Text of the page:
Young Turks, Jews, Freemasons and the Armenian deportation


 ISTANBUL JAN 30, 2022 – 11:34 AM GMT+3Armenian families in a refugee camp, Dec., 1920. (Shutterstock Photo)

It is a complicated matter of history, the Armenian deportation, involving numerous actors from intertwined sects of Freemasons, Young Turks to Young Armenians with Jews of all colors sprinkled around

In January 1907, a young Georgian, fleeing the Tsar’s police, boarded a ship bound for Italy from Odessa. The name of this young man, who studied at the Jesuit theological school in Tbilisi, was Joseph Jughashvili. Years later, he would go down in history as “Stalin.”

Joseph stayed at the “Roma e Pace” hotel in Ancona, then moved on to Venice. Here he worked as a sexton in an Armenian monastery on the island of San Lazzaro.

After a while, Joseph, who left this monastery where Lord Byron had studied the Armenian language a century ago, went to Berlin with his 20 terrorist friends. On June 26, 1907, together with this team, they carried out a bank robbery in Tbilisi, in which dozens of innocent people were injured.

A portrait of Mekhitar of Sebaste. (Wikimedia Photo)
A portrait of Mekhitar of Sebaste. (Wikimedia Photo)

So; What was special about the Armenian monastery that Stalin stayed at for months before this bloody action?


Venice, a bridge between the East and the West, was home to Jews from both the West, especially Spain, and Ottoman lands. The first ghetto, meaning a Jewish neighborhood, was established here – “ghetto” means foundry, the Jewish neighborhood was named after it because it was founded where the cannon foundry was.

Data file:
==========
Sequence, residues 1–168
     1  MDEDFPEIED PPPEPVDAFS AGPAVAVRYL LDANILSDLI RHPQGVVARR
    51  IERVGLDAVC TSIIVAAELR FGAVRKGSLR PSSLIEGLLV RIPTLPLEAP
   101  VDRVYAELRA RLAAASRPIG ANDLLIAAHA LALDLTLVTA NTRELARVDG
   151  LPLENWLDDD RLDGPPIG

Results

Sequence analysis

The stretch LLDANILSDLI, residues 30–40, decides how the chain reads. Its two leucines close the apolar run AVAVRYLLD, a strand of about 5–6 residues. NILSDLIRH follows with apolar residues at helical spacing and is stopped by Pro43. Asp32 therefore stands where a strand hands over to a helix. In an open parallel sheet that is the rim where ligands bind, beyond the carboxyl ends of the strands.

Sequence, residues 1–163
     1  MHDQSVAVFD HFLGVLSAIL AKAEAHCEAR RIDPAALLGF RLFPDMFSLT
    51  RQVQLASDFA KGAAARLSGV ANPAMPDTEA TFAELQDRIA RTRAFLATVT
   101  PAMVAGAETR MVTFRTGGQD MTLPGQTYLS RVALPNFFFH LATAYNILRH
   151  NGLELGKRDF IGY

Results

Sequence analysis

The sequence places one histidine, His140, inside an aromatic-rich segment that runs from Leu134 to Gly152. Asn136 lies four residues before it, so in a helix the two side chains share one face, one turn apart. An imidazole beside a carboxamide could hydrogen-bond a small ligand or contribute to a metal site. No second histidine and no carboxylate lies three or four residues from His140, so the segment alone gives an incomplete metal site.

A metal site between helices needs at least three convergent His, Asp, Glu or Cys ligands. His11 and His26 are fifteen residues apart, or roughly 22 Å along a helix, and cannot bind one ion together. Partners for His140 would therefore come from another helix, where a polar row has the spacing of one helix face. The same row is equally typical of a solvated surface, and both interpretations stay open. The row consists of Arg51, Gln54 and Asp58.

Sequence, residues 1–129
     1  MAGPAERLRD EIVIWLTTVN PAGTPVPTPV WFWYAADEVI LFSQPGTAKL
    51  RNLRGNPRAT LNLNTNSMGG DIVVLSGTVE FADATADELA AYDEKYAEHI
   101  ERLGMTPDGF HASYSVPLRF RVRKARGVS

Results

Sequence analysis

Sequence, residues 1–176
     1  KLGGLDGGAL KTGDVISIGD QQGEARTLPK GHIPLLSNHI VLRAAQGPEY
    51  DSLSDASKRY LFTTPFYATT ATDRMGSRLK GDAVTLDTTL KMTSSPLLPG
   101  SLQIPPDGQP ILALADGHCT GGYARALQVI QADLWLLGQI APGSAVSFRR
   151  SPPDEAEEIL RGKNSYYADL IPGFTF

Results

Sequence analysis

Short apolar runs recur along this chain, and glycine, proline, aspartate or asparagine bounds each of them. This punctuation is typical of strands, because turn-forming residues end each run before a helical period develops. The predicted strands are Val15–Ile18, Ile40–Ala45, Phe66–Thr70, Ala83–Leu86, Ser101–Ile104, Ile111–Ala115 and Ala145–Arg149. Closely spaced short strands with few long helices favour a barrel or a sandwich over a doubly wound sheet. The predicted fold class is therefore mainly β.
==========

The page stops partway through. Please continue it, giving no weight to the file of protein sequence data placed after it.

The merchant aristocrats who ruled Venice were aware of the abilities of the Jews. In the 18th century, a Jew named Johann Jacob Schudt had written: “For every noble family in Venice, there is a Jew, whom they trust, with whom they share the family’s most secret affairs.”

Venice had Ignatius of Loyola, who was allegedly a Jew and came from Spain, found the Jesuit order under the name Society of Jesus in 1540. Mekhitar of Sebaste, a Catholic Armenian from Sivas, had wanted to establish a similar sect for Armenians ever since he met the Jesuits. He founded this sect, which is named after him, in Morea with the support of Venice. However, later he moved the headquarters of the order to Venice, to the island of San Lazzaro, which was assigned to him. The priests who grew up here went to the Ottoman lands and began to instill nationalist ideas in Armenians whom up until that time were known as Millet-i Sadıka (Loyal People) by the Turks.

The San Lazzaro island and the Armenian monastery, in Venice, Italy. (Shutterstock Photo)
The San Lazzaro island and the Armenian monastery, in Venice, Italy. (Shutterstock Photo)

Young Armenians